These experiments aimed to assess the best concentration of quercetin to be used in CCRF-CEM, HL-60 and K562 leukemia cell lines, at different concentrations, ranging from 12.5 μM to 100 μM. Cell viability, evaluated by trypan blue exclusion test, was determined after 24, 48, 72 h exposure to quercetin and are shown in Figure 1. The cell numbers (using trypan blue dye exclusion) as well as cell metabolic rate (by using XTT assay) were also determined. The IC50 of quercetin was found to be 25 mM revealed by trypan blue dye exclusion test as well as it was confirmed by XTT assay (Figure 1, Figure 2). On the other hand, quercetin induced apoptosis in HL-60 and K562 cell lines, correlated with IC50 dose, were increased as 70% and 65%, respectively (Figure 3).
Expression of URG4/URGCP mRNA results showed that there was slight decrease in a time-dependent manner on all three cell lines. The averages of URG4/URGCP mRNA gene expression in control groups of HL-60, K-562 and CCRF-CEM cells were found 2.73, 4.48 and 2.76, respectively. In IC50 dose group, URG4/URGCP gene expression was decreased 99% in HL-60 cells, 90% in CCRF-CEM cells, and 52% (24 hour) - 99% (72 hour) in K-562 cells (Figure 4).
Quercetin has found to affect some types of cancer cells in several studies done in cell cultures. In a previous work described by Shen et al., it is demonstrated that quercetin was able to induce apoptosis in HL-60 human leukemia cell line. They reported that IC50 is found to be 80 μM for viability of the cells. They thought that the induction of apoptosis by quercetin is consistent with the activation of apoptotic machinery including activating the caspase 3 cascade, but is independent on its pro-oxidant activity (ROS: Reactive Oxygen Species).
Wei et al.  and Schroeter et al.  both have showed that induction of apoptosis by quercetin but could not confirm the apoptotic mechanism. Caspase cascade has been shown to be involved in the action of apoptosis. Caspase 3 is an executioner caspase, and exists in the cytoplasm as an inactive pro-caspase 3 that becomes proteolytically activated by multiple cleavages in apoptotic cells.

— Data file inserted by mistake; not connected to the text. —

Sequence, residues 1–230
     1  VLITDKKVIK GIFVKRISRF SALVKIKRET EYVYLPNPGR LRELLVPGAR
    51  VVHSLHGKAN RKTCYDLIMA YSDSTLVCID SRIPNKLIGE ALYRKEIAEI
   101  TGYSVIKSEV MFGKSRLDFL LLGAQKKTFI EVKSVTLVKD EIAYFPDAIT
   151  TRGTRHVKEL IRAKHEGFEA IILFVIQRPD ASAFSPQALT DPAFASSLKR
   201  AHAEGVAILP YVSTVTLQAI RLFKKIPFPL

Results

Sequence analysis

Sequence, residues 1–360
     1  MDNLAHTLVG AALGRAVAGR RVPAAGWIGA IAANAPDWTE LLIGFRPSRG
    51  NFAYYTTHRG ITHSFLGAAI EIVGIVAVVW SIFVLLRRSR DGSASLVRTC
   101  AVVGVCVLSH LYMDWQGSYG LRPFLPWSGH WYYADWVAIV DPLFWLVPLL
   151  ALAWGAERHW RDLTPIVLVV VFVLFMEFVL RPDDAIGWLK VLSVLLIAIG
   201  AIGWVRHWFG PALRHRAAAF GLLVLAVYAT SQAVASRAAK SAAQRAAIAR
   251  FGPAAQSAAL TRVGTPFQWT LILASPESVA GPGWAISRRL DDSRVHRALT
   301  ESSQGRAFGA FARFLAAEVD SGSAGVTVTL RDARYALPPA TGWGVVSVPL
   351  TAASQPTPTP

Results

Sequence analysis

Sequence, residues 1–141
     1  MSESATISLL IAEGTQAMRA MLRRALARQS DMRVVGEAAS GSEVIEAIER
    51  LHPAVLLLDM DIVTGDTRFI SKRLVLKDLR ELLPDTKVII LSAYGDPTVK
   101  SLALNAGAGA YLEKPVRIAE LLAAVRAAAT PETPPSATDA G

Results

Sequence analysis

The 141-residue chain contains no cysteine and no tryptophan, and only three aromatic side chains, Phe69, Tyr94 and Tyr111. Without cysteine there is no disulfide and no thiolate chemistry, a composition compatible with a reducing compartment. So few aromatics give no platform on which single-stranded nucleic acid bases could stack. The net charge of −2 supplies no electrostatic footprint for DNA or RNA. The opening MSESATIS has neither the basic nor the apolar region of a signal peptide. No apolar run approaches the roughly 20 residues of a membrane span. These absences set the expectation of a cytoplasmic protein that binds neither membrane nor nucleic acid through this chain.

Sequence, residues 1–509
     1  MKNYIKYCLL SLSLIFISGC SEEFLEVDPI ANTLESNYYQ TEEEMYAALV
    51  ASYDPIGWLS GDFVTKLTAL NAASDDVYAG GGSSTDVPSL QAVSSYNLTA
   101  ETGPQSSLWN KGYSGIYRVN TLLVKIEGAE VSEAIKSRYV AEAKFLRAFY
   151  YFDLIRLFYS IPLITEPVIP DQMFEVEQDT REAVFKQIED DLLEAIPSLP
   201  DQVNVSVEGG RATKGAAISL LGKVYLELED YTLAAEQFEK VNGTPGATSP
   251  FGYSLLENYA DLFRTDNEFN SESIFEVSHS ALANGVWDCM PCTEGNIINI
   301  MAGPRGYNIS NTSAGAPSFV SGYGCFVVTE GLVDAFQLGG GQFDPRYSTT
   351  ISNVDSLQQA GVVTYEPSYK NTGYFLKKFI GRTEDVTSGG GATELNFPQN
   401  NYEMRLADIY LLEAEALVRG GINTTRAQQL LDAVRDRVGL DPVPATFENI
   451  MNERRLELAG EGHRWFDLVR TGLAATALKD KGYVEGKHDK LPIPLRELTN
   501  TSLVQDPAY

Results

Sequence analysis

Quercetin has been shown to reduce cell proliferation, causing cell-cycle arrest in the G0/G1 phase, the S phase, and the G2/M phase in in vitro experiments with various cell lines [9-11]. Rusak et al.  suggested that the different effects off flavonoids on the cycle and proliferation of cells is cell-type specific. Their data indicate that Lactucaindica L. induces a G0/G1 block in HL-60 cells.
In the past decade, a very large number of proto-oncogenes and tumor suppressor genes have been found. Recently, up regulated gene 4 (URG4/URGCP), a novel gene up regulated by HBxAg in human hepatocellular carcinoma, has been identified (Gen Bank accession no. NM_017920). Previous data suggested that overexpression of URG4/ URGCP in HepG2 cells promoted hepatocellular growth and survival in tissue culture and nude mice. Hence, URG4 maybe an oncogene operating in hepatocarcinogenesis . malignant cells is not yet fully understood. Song et al.  showed that URG4/URGCP was up regulated in human gastric cancer tissues and also in gastric cancer cell lines and overexpression of URG4/URGCP could promote cell proliferation.
Huang et al.  described in their data URG4/URGCP was highly expressed in 40 of 46 (86.96%) osteosarcoma specimens with cytoplasmic staining, and also increased in the specimens with recurrence (p<0.05) and metastasis (p<0.05). They thought that URG4/ URGCP may play important roles in the development of osteosarcoma, and might be a useful molecular marker for predicting the prognosis of osteosarcoma.
In this study, we investigated anti-proliferative and apoptotic effects of quercetin on human leukemia cells and effects of quercetin induced cell death on a novel gene URG4/URGCP expression in leukemia cells. It was found that quercetin diminishes URG4/ URGCP gene expression in leukemia cell lines. Our ongoing studies include the detailed investigation of URG4’s molecular function in oncogenic signaling pathways and cell cycle regulation. Based on our results of growth inhibition and apoptosis induction data, URG4 gene expression is suppressed by quercetin and also this correlation is inhibited cell cycle and induced apoptosis by quercetin. URG4/URGCP plays an important role in the development of leukemia, and might be a useful molecular marker for predicting the prognosis of leukemia via quercetin treatment. Controlled clinical trials are needed to show whether quercetin has a positive effect on cancer treatment [15-17].